Brexit boom! EU outsmarted as UK to strike deal with Sweden and defy £80bn snub

Lord Frost gives update on UK’s participation in Horizon Europe

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Science Minister George Freeman announced today that he met his Swedish counterpart Anna Ekstrom to discuss a UK and Sweden science partnership. Mr Freeman pinpointed key areas where the two powerhouses have already developed “long and deep scientific ties”. The Science Minister tweeted: “Sweden and the UK have long and deep scientific ties across a range of vital areas of research.”

Mr Freeman said these include life science, particle physics, clean tech, aerospace and satellite launch.

But this is not the only science powerhouse that the UK has been cosying up with.

Back in February, Mr Freeman also visited to explore a strengthened Swiss-UK partnership.

Mr Freeman wrote on Twitter ahead of his visit: “To Switzerland this evening for a two-day trip to explore a UK/Swiss science and research collaboration.

“The UK and Switzerland are science powerhouses with huge, shared research interests.

“Between us, we have nine out of 10 of the top Universities in Europe.”

Switzerland’s State Secretariat for Education, Research and Innovation Guy Paremlin told Express.co.uk that his meeting with Mr Freeman was an “excellent opportunity” to strike up a closer relationship between the two nations.

“It was an excellent opportunity to discuss various possibilities for intensifying cooperation in research and innovation and in this context, we agreed to work towards a Memorandum of Understanding as part of this strengthening process.”

This comes after Britain was banned from the EU’s flagship research and innovation programme, despite the UK’s involvement being a feature of the Brexit Trade and Cooperation Agreement (TCA).

The UK was supposed to contribute £15billion over a seven-year period towards Horizon Europe so it could access the bloc’s £80billion funding pot.

But EU negotiators told Britain it could not gain associated member status until the Northern Ireland Protocol dispute with the bloc is resolved.

Switzerland has also been blocked from joining due to a political feud.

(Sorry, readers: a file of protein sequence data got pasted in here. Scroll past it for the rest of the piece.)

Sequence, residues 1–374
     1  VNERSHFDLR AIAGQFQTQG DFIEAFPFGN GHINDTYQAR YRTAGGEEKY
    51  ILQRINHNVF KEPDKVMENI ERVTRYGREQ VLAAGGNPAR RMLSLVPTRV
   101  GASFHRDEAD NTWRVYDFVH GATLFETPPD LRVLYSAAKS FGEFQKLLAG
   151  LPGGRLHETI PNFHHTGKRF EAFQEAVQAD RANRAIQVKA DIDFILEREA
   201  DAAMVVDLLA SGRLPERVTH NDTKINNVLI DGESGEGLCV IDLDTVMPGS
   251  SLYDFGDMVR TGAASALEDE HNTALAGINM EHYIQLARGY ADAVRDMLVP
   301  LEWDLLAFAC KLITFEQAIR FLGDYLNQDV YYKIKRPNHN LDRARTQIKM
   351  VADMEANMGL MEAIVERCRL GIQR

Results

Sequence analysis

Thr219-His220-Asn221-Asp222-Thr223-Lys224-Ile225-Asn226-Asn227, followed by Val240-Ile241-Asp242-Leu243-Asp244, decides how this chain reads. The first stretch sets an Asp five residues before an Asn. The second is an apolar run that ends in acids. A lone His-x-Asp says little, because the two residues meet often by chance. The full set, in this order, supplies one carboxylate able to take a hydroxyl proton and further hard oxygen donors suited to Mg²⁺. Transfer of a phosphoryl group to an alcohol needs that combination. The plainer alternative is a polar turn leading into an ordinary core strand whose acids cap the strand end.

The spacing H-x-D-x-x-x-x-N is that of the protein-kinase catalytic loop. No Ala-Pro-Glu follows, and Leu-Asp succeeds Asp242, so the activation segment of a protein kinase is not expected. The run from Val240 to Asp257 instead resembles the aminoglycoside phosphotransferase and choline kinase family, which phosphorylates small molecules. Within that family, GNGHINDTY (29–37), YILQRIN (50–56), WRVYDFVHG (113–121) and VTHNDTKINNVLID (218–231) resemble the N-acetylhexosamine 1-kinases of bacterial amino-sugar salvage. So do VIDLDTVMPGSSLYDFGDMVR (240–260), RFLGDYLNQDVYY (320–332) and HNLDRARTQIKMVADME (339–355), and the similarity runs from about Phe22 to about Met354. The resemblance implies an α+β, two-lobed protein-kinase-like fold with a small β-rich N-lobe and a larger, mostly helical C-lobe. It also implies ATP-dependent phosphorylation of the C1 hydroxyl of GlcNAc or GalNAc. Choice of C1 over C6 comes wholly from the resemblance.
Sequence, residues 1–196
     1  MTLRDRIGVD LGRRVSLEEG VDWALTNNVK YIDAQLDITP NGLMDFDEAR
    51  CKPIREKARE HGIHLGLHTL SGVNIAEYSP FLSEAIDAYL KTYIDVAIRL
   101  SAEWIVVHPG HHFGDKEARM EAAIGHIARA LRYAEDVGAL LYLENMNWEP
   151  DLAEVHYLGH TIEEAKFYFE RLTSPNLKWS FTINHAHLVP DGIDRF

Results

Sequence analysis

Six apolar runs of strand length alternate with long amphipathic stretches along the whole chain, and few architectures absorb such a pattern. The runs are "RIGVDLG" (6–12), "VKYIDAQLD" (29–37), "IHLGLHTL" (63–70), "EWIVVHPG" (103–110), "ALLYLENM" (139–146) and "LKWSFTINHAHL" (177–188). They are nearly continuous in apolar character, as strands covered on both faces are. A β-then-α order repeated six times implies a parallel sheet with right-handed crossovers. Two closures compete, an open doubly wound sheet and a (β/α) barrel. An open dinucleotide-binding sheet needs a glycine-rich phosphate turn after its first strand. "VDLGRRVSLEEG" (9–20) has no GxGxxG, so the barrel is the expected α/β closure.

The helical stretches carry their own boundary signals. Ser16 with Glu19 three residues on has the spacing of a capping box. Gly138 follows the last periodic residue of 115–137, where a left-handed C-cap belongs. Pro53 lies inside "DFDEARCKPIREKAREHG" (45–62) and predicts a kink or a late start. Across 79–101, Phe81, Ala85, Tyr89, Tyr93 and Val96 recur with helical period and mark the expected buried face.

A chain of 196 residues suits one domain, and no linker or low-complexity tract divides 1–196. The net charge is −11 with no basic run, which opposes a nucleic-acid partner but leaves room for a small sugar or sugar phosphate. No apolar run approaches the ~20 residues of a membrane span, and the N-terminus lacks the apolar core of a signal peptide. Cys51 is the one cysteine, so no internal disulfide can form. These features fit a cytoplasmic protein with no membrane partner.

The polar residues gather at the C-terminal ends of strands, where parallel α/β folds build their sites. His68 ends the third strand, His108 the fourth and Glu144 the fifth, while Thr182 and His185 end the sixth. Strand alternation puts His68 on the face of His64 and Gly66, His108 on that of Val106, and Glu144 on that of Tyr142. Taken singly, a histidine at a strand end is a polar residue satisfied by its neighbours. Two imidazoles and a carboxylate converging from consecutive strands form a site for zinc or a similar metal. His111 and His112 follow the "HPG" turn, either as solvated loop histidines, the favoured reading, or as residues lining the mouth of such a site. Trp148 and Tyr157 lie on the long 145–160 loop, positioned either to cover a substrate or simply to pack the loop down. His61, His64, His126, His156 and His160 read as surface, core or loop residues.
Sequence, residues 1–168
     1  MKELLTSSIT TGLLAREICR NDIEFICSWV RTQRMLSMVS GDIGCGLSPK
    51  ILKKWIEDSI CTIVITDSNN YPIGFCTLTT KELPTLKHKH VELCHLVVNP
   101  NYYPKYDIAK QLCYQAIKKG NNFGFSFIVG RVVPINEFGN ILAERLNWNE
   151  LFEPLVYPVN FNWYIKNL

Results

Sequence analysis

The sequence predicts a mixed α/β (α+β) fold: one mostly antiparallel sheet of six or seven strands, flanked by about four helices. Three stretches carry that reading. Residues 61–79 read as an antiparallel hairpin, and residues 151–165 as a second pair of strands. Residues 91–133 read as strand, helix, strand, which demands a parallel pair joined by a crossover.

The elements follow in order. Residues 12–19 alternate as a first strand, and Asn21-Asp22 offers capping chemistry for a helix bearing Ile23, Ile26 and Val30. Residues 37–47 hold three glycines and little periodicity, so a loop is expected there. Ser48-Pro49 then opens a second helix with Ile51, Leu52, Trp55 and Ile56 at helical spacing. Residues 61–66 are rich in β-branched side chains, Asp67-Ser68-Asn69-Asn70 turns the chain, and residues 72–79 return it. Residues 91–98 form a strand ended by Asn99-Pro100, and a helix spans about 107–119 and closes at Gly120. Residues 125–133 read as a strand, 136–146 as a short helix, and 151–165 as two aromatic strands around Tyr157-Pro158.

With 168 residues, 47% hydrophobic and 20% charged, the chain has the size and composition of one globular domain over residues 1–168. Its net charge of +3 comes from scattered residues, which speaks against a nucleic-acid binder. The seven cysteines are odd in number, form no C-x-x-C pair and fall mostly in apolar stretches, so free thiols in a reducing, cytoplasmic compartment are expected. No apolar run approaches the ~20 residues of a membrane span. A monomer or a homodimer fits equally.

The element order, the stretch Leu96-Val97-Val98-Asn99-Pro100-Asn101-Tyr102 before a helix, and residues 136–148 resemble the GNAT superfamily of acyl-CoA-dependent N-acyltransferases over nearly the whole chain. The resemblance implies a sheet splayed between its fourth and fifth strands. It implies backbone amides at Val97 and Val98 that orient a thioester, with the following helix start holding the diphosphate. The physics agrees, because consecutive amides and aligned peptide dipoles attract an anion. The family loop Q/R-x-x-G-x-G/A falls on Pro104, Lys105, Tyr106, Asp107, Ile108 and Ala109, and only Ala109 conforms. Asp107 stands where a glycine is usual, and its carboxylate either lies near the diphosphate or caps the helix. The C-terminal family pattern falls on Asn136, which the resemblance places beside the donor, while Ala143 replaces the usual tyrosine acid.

As relations with the EU continue to soar, with Foreign Secretary threatening to rip up the Protocol in recent weeks, the UK’s opportunity to participate could be on the brink.

Now, British scientists promised grants through Horizon Europe risk having their funding cut.

In some cases, the bloc has threatened to pull the plug on grants unless UK researchers move to an associated country.

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But Mr Freeman appears to be going through with a “Plan B” to swerve the impacts.

The Science Minister tweeted in another post: “14 months ago in the EU Withdrawal Agreement, we negotiated to join the Horizon Research Programme.

“If our Association continues to be blocked, we cannot allow UK science to suffer through EU politics.

“So, I am developing a £6billion Global Britain Science Plan.”

While he has suggested that this could involve striking deals with five eyes partners like Australia and the US, it also appears that not being a part of Horizon Europe may in fact not limit the UK’s opportunities to strike deals with EU countries after all.

A key argument for Horizon Europe is that it facilitates the collaboration of EU and UK researchers on key research projects, something British scientists feared would be at risk if the UK was permanently banned.

But Mr Freeman could be signalling to the research community that Britain’s exclusion from the EU programme might not be such a problem.

However, the science minister has repeatedly put forward that participation in Horizon Europe is the preferred option.

And UK researchers have warned that the delay is causing significant harm and uncertainty to British science.

Russell Group policy manager Jo Burton said: “Despite the agreement for the UK to join Horizon Europe as part of the Brexit deal over a year ago, association has still not been finalised, putting at risk all of the benefits being part of a major international collaboration brings for all of those involved.”

Royal Society foreign secretary Professor Sir Robin Grimes said: “Science depends on collaboration for the free flow of ideas and expertise.”

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